A successful launch: from the middle school robotics club to programming at CDME
Even the smallest step in the right direction may end up looking like a bigger step over time.
When Andrew Bennett, a third-year electrical and computer engineering major, joined the Robotics Club at Hastings Middle School, he didn’t anticipate one day he’d be programming a collaborative robot.
However, that’s exactly what he’s doing as an undergraduate student at Ohio State’s Center for Design and Manufacturing Excellence (CDME).
“It’s pretty cool. And this particular robot is really cool because it’s a collaborative robot, which means it’s specifically designed to work close to people,” Bennett said. “Normal robot arms when they collide with something they just keep going, they don’t have any means of detecting collision. This one does, and it will stop without imparting dangerous amounts of force.”
VEGA Americas will use the collaborative robot, or cobot, to assist with radiometric processes at their facility in Cincinnati, Ohio. The cobot will coincide with VEGA Americas’ strict safety practices, specifically when working with radioactive isotopes, by minimizing the amount of time people spend working near the isotopes.
The robotic arm was featured at the opening of CDME’s new Artificially Intelligent Manufacturing Systems Lab (AIMS).
Seeing the robot he worked tirelessly to develop in action was both gratifying and nerve-racking for Bennett.
“It’s pretty satisfying — to put all that work in and see something that does indeed work,” Bennett shared. “Although I have to say, there’s some anxiety involved. At the same time, it’s still an extremely satisfying experience for me.”
Along with the VEGA Americas project, Bennett has also played a pivotal role in a pair of other projects at CDME.
The first project was introduced by Vimal Buck, the electrical and computer senior lead engineer for student programs at CDME. With the initiative, Bennett completed production work for a professor developing specialized antennas for medical purposes. The work required him to learn how to operate a new piece of equipment.
“I spent most of my time on the PCB Mill, which is a ProtoMat S63,” Bennett said. “Essentially, it’s a precision mill designed to take a piece of fiberglass that’s copper-plated on both sides and mill it out so there are traces and pads that you can solder components to. It’s a way to prototype PCBs, or printed circuit boards, rapidly.”
Although that was primarily a solo project, Bennett had the opportunity to collaborate with CDME students and staff to create a biomedical device.
Nationwide Children’s Hospital initiated the project and tasked CDME to build a functional and reproducible device for user testing. Bennett specifically enjoyed working alongside CDME staff to create the device.
“The people here know a lot about what they do,” Bennett said. “You can’t not learn something when you’re talking to them.
“We even had a guy who was an electrical engineering contractor who came to CDME specifically to help with the project. He knew a lot about PCB design, and I had the chance to talk to him a lot. As with everyone here, he was happy to share what he knew.”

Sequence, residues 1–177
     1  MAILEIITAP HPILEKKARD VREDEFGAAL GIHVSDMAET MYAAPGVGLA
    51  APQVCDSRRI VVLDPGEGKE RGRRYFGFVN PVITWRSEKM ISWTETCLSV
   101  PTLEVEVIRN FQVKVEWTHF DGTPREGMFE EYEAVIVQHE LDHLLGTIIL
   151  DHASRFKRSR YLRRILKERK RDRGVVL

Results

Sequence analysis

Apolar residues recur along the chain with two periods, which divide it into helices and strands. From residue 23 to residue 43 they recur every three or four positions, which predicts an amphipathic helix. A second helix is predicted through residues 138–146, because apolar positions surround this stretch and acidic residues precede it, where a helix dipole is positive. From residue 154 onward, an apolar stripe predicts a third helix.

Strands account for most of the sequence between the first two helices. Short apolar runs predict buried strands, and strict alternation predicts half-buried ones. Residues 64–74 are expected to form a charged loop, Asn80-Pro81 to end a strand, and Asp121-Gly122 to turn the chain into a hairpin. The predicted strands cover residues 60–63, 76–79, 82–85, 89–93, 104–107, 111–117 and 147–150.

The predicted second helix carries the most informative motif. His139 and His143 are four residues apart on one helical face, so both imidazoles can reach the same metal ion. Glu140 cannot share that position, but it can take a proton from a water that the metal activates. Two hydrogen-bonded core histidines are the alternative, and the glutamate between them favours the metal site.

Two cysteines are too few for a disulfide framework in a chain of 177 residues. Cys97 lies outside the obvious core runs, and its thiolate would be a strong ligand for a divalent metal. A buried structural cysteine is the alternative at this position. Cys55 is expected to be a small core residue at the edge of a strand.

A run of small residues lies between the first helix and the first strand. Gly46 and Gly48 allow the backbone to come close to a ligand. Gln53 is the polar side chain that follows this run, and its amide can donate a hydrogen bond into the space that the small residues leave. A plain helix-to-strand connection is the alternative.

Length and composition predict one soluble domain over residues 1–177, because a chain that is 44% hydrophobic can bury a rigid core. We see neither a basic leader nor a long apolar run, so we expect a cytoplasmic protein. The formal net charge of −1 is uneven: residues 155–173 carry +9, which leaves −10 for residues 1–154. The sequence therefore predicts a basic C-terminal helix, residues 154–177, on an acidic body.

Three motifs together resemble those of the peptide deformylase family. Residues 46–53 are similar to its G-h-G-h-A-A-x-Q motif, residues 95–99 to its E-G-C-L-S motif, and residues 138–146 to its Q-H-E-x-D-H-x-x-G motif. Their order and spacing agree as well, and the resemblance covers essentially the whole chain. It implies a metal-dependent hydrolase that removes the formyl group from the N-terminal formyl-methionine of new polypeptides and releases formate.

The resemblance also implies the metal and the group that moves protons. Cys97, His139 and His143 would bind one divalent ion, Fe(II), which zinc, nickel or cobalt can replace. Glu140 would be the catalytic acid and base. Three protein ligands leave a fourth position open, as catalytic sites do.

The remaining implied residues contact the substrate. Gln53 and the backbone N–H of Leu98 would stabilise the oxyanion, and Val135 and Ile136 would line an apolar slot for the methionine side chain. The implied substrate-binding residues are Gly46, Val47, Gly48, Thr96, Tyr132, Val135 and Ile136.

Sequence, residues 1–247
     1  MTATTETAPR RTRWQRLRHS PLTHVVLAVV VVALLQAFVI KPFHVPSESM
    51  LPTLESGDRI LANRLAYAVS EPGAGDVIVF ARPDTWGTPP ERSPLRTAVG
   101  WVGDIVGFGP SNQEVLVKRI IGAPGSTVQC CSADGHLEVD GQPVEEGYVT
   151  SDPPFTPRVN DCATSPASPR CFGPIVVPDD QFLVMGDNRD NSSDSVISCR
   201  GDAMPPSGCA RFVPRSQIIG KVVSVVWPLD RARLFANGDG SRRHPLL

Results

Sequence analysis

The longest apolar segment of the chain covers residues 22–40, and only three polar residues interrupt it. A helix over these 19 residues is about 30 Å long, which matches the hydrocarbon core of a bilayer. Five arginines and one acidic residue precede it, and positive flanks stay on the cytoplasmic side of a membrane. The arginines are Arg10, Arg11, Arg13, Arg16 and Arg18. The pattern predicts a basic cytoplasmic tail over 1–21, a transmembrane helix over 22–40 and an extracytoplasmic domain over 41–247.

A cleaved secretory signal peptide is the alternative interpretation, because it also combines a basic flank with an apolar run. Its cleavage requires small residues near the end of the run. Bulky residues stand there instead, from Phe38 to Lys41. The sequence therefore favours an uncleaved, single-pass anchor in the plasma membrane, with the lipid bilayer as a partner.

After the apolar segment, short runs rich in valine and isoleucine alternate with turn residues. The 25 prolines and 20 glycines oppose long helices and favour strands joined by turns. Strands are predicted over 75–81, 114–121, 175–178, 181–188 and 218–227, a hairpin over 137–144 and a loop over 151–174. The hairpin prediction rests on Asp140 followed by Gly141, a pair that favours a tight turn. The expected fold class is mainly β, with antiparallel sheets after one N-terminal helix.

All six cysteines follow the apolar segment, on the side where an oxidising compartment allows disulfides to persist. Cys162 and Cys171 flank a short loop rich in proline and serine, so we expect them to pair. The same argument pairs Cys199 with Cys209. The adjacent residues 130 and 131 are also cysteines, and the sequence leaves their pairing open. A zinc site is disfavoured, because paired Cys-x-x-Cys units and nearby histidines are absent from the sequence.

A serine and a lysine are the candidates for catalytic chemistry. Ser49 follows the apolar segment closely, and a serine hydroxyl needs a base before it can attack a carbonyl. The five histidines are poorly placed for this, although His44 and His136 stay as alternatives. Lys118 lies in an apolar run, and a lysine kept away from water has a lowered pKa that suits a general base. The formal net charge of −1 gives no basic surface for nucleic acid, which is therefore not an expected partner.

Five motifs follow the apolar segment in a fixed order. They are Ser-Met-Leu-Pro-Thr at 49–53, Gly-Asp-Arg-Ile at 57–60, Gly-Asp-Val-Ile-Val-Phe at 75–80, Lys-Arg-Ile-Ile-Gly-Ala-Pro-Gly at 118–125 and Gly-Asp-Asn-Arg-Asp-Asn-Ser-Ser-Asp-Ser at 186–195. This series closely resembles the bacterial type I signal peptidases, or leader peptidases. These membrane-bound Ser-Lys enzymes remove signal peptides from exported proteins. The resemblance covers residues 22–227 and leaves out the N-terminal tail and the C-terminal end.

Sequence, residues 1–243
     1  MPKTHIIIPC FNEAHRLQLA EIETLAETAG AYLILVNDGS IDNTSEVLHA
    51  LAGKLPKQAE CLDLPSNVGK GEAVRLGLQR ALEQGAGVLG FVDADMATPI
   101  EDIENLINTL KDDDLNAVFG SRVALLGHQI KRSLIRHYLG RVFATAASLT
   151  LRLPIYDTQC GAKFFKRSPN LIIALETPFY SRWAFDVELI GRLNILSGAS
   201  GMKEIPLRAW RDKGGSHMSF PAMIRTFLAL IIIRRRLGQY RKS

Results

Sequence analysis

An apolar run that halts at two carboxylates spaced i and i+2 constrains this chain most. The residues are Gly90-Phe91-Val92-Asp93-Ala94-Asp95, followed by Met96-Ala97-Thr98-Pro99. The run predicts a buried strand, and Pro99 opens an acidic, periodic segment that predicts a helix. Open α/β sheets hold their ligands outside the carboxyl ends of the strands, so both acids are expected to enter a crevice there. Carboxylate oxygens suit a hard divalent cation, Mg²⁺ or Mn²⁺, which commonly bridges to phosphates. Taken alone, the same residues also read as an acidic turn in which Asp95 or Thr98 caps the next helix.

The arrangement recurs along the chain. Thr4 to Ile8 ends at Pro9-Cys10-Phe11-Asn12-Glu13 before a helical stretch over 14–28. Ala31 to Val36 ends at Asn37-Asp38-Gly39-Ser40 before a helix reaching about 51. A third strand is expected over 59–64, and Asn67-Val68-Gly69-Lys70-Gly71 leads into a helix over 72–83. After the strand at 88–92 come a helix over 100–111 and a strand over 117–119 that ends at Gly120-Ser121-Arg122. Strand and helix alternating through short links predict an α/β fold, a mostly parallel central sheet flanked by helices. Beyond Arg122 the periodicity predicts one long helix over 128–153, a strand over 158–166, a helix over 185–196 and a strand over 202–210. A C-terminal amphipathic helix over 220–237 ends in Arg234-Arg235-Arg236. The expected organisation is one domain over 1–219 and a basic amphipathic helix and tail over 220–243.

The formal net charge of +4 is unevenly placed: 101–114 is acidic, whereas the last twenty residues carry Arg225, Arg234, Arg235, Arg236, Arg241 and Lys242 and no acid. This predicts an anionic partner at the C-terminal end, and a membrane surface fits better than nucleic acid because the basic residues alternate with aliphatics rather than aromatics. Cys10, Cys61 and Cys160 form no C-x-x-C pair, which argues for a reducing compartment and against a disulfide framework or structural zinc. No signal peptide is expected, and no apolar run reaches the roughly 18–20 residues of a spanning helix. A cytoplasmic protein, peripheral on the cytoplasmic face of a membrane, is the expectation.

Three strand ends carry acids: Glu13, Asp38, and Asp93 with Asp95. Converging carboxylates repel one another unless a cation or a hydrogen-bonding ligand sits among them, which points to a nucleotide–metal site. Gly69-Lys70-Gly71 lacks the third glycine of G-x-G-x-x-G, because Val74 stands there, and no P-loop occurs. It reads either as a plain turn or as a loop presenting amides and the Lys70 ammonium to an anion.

Although Bennett has undoubtedly made an impact at CDME, it’s still sometimes difficult to explain his work to those outside the field of engineering. He’s also forced to keep the details of many of his projects confidential.
The skills developed, however, are part of a growing resume Bennett will share with potential future employers.
“I’m grateful to have an opportunity like CDME on campus where you can do this kind of engineering focus. It’s my understanding that paid, practical engineering jobs like this don’t normally exist at universities. The fact that Ohio State has this is incredibly beneficial to me,” Bennett said.
“You need actual industry experience,” Bennett continued. “Almost everything I’ve done at CDME applies concepts I didn’t necessarily learn in class. College gives me the academic knowledge I need, but CDME provides a different type of skill set. When it comes time for the actual application, I have to think a little differently. For me, that’s why it’s critical to get this kind of experience before I enter the workforce.”
He was introduced to CDME through his involvement with the Buckeye Space Launch Initiative (BSLI). BSLI is an interdisciplinary organization with a mission to launch high powered rockets and foster the growth of students from diverse backgrounds in pursuit of reaching space.
With a keen interest in high power rocketry, Bennett initially planned to study aerospace engineering at Ohio State. However, he realized his skill set directed toward electrical and computer engineering in an applied setting.
“It occurred to me at one point — why am I taking aerospace when I should actually be studying what I spend most of my time doing, which is electronics,” Bennett said.
Through experiential learning and a thoughtful academic track, Bennett is preparing to launch a successful career.
What started as an initial step to join his middle school’s rocket club propelled his desire to work in aerospace engineering. His work with BSLI and CDME targeted his approach.
“I’m still hoping to work in the aerospace industry,” Bennett shared. “Now I know there are plenty of electrical engineering jobs in that field, especially with control systems and microcontrollers. I’d love to work on anything related to hardware that’s going to go to Mars. I think that’s going to be the next big step.”
by Ashley Albertson, ERA Communications Specialist, firstname.lastname@example.org